Extremely Emaciated Cat

Question:
Hi everyone. Long story short, a neighbors cat ran away 5.5 weeks ago. He showed up over the weekend, VERY VERY thin. This cat is literally a skeleton covered in skin/hair. He's a very sweet cat (and large in size, just very underweight.) They asked me for advice. I told them (first of all, I'm notttt a vet) to try some high fat (protien) kitten food. He also has greens coming out of his nose, and is making a coughing sound. I thought maybe mothers milk would help put some weight on him as well as boost his immune system? I got him some soft pouch foods to make it easier for him to eat. They also gave him some olive oil in case he had a hairball, and they took him for worming on saturday (and a fleaguard treatment). Other than that, the vet didn't really give them much to go on. I'm at a loss, and don't know what else to suggest, nor do I know if my ideas were exactly what they should do. I just offered ideas and they decided which ones to go with. What do you all suggest? Other than taking him to a vet, that is obvious, but not sure it's an option for them right now.
Thanks

Answer:
Honestly, I think they need to go to another vet. It definitely sounds like he has a URI that needs to be addressed, and going that long without food can cause a whole host of health problems.
Last fall we rescued a cat under very similar circumstances...she ran away from the neighbors' and was missing for 4 weeks before she showed up on our back porch. Long story short, they didn't want her back so we took her in. She weighed 4.5 lbs when she should have really weighed 8! Since she had not eaten for so long, she had some pretty serious digestive issues to contend with - her digestive tract was very inflammed which led to upset stomachs, and very loose stools with blood. Ultimately she was admitted to the hospital for a couple weeks where they could monitor her, administer all sorts of stomach-calming meds, antibiotics, and fluids. She was on Eukanuba Low Ash diet for a while, too (normally I would never feed Eukanuba, but in this case it really was necessary to help her digestive system heal). It took several months for her to gain back the weight she lost. During that time we did let her free-feed dry and gave her canned several times a day. Normally we don't free-feed but again, due to the circumstances, we wanted her to eat at any time that she was hungry.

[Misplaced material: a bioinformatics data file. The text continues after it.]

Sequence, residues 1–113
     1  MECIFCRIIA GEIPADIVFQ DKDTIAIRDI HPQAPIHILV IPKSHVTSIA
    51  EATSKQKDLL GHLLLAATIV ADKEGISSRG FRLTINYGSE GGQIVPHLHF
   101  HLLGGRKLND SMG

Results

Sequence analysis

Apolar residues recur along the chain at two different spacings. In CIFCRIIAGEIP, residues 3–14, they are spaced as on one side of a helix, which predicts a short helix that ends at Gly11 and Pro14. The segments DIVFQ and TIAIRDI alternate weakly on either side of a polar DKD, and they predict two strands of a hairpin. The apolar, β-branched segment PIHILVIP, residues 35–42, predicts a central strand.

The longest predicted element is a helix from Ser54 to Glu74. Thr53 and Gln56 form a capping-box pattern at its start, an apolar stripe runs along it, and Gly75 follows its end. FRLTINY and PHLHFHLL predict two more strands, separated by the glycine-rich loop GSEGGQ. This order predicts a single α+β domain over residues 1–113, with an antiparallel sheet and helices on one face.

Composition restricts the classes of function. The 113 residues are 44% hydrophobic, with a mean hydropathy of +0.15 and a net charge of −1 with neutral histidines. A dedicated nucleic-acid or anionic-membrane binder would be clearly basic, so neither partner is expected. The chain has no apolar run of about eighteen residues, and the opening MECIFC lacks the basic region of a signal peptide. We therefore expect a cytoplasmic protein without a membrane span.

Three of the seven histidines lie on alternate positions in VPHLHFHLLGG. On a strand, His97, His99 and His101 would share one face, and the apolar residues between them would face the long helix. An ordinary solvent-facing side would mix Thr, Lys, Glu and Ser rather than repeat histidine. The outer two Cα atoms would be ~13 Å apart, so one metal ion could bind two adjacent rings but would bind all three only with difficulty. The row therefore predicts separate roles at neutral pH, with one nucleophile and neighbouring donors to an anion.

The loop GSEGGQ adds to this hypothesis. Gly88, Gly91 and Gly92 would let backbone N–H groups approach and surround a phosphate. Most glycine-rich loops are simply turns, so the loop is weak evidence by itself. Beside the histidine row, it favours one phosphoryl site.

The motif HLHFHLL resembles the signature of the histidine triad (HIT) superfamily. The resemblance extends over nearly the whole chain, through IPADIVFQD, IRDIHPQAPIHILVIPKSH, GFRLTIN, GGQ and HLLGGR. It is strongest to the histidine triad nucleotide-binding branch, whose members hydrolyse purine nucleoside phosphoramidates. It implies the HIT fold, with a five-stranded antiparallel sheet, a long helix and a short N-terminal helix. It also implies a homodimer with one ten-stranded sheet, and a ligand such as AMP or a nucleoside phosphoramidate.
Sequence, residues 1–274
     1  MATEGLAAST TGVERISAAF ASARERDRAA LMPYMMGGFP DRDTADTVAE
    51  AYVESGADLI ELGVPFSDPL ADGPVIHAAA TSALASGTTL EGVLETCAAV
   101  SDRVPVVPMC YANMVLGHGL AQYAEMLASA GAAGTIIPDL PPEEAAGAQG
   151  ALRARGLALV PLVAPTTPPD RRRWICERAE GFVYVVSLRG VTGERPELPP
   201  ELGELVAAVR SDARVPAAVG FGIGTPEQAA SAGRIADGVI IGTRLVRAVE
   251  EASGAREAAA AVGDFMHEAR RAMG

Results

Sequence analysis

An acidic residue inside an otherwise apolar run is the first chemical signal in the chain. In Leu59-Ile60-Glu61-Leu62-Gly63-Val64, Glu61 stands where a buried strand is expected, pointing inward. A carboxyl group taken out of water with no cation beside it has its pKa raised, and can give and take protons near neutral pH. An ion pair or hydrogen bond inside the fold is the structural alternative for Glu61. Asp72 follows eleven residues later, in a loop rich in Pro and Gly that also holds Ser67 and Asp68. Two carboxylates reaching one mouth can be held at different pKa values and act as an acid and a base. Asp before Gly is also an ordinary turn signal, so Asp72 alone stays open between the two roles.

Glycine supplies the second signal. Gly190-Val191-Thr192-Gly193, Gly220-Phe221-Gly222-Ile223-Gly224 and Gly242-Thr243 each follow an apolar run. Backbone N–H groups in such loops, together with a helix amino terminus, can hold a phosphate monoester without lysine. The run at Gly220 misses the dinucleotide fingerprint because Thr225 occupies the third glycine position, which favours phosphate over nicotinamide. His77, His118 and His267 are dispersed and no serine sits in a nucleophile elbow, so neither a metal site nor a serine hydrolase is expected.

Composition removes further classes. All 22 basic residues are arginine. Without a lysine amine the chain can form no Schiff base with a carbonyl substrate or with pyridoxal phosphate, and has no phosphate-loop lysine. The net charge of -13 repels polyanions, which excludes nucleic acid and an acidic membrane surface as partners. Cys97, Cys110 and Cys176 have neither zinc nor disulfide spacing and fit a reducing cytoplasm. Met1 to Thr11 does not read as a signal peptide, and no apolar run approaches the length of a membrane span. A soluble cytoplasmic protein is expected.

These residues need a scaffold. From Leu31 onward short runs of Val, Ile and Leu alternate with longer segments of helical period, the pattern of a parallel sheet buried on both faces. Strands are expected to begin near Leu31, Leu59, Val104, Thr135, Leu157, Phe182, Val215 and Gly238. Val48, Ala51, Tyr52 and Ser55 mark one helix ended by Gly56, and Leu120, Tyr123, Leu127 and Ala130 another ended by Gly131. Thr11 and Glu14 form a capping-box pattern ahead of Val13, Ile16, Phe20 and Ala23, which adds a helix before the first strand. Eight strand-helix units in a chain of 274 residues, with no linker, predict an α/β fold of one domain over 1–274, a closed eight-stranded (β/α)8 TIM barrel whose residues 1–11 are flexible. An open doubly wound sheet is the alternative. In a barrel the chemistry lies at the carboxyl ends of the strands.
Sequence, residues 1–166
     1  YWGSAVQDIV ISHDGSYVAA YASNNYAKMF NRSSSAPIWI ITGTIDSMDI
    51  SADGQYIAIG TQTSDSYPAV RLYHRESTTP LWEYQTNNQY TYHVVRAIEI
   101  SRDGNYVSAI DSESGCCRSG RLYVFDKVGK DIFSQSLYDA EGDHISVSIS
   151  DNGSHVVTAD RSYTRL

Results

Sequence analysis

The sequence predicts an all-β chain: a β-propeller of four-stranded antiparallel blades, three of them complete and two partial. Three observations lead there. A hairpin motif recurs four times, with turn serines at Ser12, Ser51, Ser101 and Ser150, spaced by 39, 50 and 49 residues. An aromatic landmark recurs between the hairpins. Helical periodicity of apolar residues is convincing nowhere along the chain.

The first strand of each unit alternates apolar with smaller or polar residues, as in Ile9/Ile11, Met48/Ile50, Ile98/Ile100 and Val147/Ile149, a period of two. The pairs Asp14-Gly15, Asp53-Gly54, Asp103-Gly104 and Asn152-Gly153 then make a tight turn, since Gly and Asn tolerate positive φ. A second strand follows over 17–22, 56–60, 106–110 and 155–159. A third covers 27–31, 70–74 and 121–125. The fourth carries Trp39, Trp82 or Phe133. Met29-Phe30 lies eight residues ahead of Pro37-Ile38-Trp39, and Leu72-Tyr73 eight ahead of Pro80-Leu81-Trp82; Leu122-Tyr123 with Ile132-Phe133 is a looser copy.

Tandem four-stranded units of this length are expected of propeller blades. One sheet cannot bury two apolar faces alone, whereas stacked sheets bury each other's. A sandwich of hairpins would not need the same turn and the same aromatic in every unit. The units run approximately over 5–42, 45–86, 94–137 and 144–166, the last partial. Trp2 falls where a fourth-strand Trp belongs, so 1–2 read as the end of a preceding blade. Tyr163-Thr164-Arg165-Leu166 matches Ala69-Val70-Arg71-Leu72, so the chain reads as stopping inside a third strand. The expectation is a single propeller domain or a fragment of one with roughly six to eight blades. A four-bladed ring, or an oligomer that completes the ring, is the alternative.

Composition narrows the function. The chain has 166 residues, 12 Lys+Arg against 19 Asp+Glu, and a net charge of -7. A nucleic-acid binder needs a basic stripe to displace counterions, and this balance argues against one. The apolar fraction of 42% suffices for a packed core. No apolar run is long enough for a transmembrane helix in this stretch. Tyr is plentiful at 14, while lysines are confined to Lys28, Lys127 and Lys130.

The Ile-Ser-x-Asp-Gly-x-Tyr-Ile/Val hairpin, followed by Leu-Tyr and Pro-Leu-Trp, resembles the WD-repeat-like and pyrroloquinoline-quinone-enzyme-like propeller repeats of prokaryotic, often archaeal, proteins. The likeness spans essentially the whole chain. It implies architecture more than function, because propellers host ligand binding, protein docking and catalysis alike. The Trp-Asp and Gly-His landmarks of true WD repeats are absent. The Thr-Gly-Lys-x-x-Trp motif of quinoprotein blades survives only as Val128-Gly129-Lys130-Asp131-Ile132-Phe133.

I'm sorry that's not a whole lot to go on, but I really think this cat needs to see another vet who can really be helpful in his recovery.
Best wishes to him and your friends....
~Amy

Answer:
Hi, much like Amy, we found a feral cat last July in that condition. He was close to death. He also had green mucous, extreme diarrhea, dehydration, flea and cat bites, hair loss etc. We loaded him up with high calorie foods, supplements and hydration. Our vet said he was fine too. What ended up happening, is that we gave him too rich of a diet too soon. He had been starving for too long and the rich food caused an irritable bowel bout that almost killed him. So we had to go to a more bland diet and let him build weight and muscle more gradually.